“Our hands unlace and I think our lives have, too, and I just can’t let that happen. I maneuver her back against the building, place one hand on each side of her face and repeat, ‘What are you saying?’” (Here he has quite literally trapped her in place, as he's been trying to metaphorically trap her into their relationship the entire time.)
As the book goes on, Matt learns to relinquish some of that control. This comes in the form of forgiveness. All of this time he has been playing the blame game when it came to his brother’s suicide. He blamed his father, his mother, his friend’s, his girlfriend, her friends, himself and, most importantly, a book that is based on interpretation. These grudges he has been holding (which are also a form of control) one by one slip lose and he steps back into the light of forgiveness.
“I blamed the Bible, when its words were not at fault, only the way they’re interpreted by those too willing to wield them like chain saws, cutting other off at the knees.”
However, the rest of the control remains, especially when it comes to his relationships with women, and it is covered up and sugared over, which is where this book lost its merit. Matt never realizes he has a control problems in terms of intimacy. Yes, he acknowledges his OCD-like issues with cleanliness, but there is so much more under the surface that he needs to deal with, and never does. Instead of working on his problems, he finds a girl who will perfectly suit his needs for possession, a girl who is desperate enough to be whatever he wants her to be, unlike Hayden.
“’They say puppies are good for mending broken hearts,’ she joked once. ‘Woof, woof. You can pet me if you want.’” (Willing to change herself for his benefit.)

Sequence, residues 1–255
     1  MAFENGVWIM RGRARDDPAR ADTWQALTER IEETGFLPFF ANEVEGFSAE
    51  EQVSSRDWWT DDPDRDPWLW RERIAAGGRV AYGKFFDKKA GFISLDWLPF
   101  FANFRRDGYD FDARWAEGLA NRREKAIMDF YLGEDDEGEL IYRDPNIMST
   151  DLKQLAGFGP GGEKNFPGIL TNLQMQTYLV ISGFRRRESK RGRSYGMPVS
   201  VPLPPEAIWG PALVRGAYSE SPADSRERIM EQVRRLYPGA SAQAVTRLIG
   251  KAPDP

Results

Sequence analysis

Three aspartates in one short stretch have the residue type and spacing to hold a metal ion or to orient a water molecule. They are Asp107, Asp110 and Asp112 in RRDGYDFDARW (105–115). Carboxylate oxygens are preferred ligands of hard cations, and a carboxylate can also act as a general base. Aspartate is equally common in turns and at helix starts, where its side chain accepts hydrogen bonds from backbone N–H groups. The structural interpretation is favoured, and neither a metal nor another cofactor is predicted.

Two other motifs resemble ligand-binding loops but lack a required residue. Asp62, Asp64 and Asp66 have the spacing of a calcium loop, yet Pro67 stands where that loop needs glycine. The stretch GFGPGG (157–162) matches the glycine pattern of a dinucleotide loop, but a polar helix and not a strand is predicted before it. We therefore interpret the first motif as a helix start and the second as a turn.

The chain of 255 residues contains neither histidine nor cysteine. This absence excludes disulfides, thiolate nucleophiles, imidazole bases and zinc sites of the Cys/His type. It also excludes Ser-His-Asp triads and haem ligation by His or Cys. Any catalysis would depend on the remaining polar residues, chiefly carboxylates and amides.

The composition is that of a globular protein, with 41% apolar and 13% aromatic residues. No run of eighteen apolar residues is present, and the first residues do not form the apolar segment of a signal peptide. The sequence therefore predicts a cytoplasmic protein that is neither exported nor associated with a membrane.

“She winks. ‘Anything I can do to entertain you, my dear.’” (Willing to demean herself for his benefit.)
The worst part of this is that the author never mentions it. She leaves her character blind to this particular short coming and expects the reader to forget his earlier problems with control and Hayden. I don’t think the author was blind to his controlling personality. Why else mention the fact that he has OCD tendencies? Why else mention how he wants to literally possess Hayden and spend every waking moment with her? My issue is that she did not even attempt to resolve it.
Perhaps the worst part of this is that by the end, after Matt has forgiven himself and those who bullied his brother, he thinks: “Because if there’s one thing I’ve learned through all this, it’s to have faith in love.” He mentions his parent’s loss of love and how his father had found it in someone else, and how Matt found a new, and supposedly better, love with Alexa. I cannot believe that his innate issue with possession gets thrown to the side to try and make this novel about him not trusting love.
This was never about love. This was never about forgiveness. This was never about faith. This book was about a young man who needs to learn how to live his life without having to control every aspect of it, and that was not given the proper attention. Matt should have been in counseling for his control problems, not his problem with forgiveness,because his problems with forgiveness will go away as he learns to let go of wanting to be in charge of everything. He should have never entered into another relationship without even fixing what went wrong in the first.
This novel had the opportunity to convey a strong message but, in my opinion, never reach its goal
Nevermind the alliteration, here are: